Does the recent successful killing of American-born al-Qaida cleric Anwar al-Awlaki vindicate US policy towards Yemen, or is a change in approach needed? The question is particularly relevant as Awlaki has been an online figure of inspiration for many jihadists and their sympathizers (e.g. the failed "Christmas Day" bomber Umar Farouk Abdulmutallab, who may have received training in Yemen as well).
Contrary to all expectations, President Ali Abdullah Saleh of Yemen has recovered from severe injuries suffered during a rocket or bomb attack back in June and has returned from Saudi Arabia to the country's capital of Sanaa. What are the implications for the outside world? Currently, the main concern of US officials is the presence of al-Qaida in the Arabian Peninsula (AQAP), which they fear will use Yemen as a base to launch attacks against Western targets. Are these concerns valid?
To answer this, a clear overview of the situation needs to be established. It is evident that Saleh has no intention of stepping down from power, and the capital is now firmly divided between supporters and opponents of the tottering Yemeni regime. Violence has intensified since Saleh's return and spread to cities like Aden and Taizz with heated battles between security forces loyal to the president (e.g. the well-trained Republican Guard Units, commanded by Saleh's son Ahmed) and army defectors led by Major General Ali Ahmar, who has aimed to protect demonstrators and anti-government tribesmen since he defected in March.
Unsurprisingly, analysts are beginning to consider the prospect of a full-blown civil war, as Yemen also faces existential challenges like the depletion of oil and gas reserves, dwindling water supplies and a swelling population.
Meanwhile, factions like the Zaydi Shi'ite Houthi rebels in the north, who have been in conflict with the central government since 2004 but generally left alone by Saleh once the demonstrations began in February this year, have not hesitated to take advantage of the growing chaos.
In fact, the Houthis are no longer content with limiting their autonomy to their home province of al-Jawf, and have expanded their power base southwards through various tribal alliances and truces with groups such as the Islamist Islah party.
In this context, therefore, commentators like Bruce Reidel, a former CIA officer and fellow of the Brookings Institution, argue that AQAP is among "the winners for now" because the organization's bomb-makers "can perfect their wares with less and less fear of Saleh's security forces."
Nevertheless, Reidel's assessment is based on a misunderstanding of Saleh's policy towards AQAP and other Islamist militants in Yemen. Although Saleh has presented himself to the West as a staunch ally against terrorism, it is more accurate to say that he effectively played a double game. True, he has allowed the United States to conduct drone strikes (like the one that killed Awlaki) and occasionally called in his own air strikes against Islamist militants, but he has also diverted aid intended for cracking down on al-Qaida to suppress domestic opposition. In the words of analyst Ellen Knickmeyer, Saleh has pursued a strategy of "trying to co-opt," rather than eliminate, key al-Qaida figures in Yemen.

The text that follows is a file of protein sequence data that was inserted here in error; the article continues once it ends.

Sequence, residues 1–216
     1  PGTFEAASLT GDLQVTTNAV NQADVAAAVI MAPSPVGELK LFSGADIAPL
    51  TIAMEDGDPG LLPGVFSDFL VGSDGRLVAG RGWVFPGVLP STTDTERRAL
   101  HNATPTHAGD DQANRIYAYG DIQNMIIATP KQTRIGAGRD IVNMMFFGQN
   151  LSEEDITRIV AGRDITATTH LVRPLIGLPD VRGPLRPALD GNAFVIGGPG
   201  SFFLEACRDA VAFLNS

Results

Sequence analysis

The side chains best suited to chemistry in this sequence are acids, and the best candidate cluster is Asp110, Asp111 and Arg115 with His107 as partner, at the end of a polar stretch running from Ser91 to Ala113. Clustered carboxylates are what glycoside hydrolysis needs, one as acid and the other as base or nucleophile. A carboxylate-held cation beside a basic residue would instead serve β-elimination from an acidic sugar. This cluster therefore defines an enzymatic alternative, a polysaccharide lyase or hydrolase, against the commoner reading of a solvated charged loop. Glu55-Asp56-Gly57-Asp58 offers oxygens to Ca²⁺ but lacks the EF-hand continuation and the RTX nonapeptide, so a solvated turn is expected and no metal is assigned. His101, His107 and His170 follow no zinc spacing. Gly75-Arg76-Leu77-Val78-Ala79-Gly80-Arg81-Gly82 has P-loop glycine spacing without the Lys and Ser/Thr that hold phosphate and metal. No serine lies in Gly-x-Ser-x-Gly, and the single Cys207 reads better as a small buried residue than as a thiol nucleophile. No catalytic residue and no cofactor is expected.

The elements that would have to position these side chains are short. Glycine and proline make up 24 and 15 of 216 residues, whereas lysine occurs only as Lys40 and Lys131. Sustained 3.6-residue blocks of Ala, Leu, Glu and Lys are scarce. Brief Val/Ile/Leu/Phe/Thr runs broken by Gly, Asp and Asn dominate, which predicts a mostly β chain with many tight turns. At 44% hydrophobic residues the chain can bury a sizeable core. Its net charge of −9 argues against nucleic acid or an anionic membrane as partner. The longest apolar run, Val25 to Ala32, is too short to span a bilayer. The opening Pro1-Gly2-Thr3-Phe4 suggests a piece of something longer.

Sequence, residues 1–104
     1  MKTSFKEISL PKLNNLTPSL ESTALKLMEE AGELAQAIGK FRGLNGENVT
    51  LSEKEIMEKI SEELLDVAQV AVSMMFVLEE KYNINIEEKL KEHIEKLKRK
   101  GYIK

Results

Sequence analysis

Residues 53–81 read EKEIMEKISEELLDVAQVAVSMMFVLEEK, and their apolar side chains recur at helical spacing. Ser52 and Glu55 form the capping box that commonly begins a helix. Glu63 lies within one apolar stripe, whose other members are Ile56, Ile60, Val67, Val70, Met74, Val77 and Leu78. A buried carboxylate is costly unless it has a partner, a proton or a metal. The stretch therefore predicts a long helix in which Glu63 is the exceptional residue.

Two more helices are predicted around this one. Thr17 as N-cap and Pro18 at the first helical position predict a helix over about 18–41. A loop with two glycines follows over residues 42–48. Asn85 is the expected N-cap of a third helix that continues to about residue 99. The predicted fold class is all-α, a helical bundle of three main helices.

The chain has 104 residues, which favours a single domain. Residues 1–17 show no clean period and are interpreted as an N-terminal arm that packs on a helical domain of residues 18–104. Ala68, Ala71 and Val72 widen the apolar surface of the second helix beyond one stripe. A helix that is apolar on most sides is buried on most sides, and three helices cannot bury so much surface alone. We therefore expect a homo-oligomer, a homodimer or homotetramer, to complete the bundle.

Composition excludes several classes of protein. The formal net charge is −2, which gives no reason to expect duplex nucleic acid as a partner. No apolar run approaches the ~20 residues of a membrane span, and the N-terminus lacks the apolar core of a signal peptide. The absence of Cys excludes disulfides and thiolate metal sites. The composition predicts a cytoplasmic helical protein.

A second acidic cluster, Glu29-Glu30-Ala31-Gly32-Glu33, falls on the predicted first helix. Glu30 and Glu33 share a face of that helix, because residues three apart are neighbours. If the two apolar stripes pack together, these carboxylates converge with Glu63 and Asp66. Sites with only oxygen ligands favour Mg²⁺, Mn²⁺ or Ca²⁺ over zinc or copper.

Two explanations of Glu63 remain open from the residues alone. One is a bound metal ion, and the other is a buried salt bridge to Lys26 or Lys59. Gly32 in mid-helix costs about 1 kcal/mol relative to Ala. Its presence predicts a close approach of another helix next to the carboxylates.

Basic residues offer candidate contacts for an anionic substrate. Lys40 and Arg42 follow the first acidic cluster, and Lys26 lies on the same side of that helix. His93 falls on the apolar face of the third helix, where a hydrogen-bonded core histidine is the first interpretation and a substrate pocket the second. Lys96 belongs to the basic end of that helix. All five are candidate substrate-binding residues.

Saleh's double game is especially apparent in disclosures from the Wikileaks cables. For example, in one cable, former US ambassador to Yemen Stephen Seche said a commando group that had been trained by the United States and Britain to deal with al-Qaida was being used instead to suppress the Houthis in the north, despite their having no links to al-Qaida or Iran.
Saleh has been remarkably tolerant of al-Qaida figures in Yemen. At lunch with a US envoy in 2007, Saleh bragged about having met with Jamal Badawi (the mastermind behind the bombing of the USS Cole in 2000) only two weeks before. Although he assured the envoy that Badawi was under house arrest, the militant's whereabouts are now unknown.
Saleh has abetted militants elsewhere in the country. For instance, his regime supported the notorious Al-Iman University, renowned as a center for violent Islamists in Yemen. More recently, domestic critics of Saleh argued in June that the president encouraged Islamist militants to take over the southern town of Zinjibar, hoping to scare the Obama administration into providing greater financial aid to the Yemeni government.
If al-Qaida, with only around 300 members, has established a firm foothold in Yemen, then Saleh's actions are primarily to blame. However, it should not be thought that the radical group is necessarily capable of focusing on conducting operations abroad as part of international jihad anytime soon. So long as the West avoids direct military intervention in Yemen, al-Qaida's efforts will be diverted towards competing against rival factions such as the Houthi rebels and the southern separatists.
Against the former, al-Qaida recently claimed responsibility for a suicide bombing in mid-August, acting for the first time on its formal declaration of jihad against the Houthis last winter, while the southern separatists, strongly influenced by secular values, are natural enemies of al-Qaida, which backed Saleh in the 1990s civil war against remnants of the former Marxist regime of South Yemen.
In short, a descent into complete anarchy and civil war would be a humanitarian catastrophe for Yemen, but not a strategic disaster from the perspective of Western security interests. The best option lies in pursuing a "hands off" policy, ending aid to Saleh's government, and halting all drone attacks so as to avoid giving al-Qaida a further casus belli for acting outside Yemen, while issuing a stern warning that any further aggression will be met with severe retaliation as part of a containment strategy.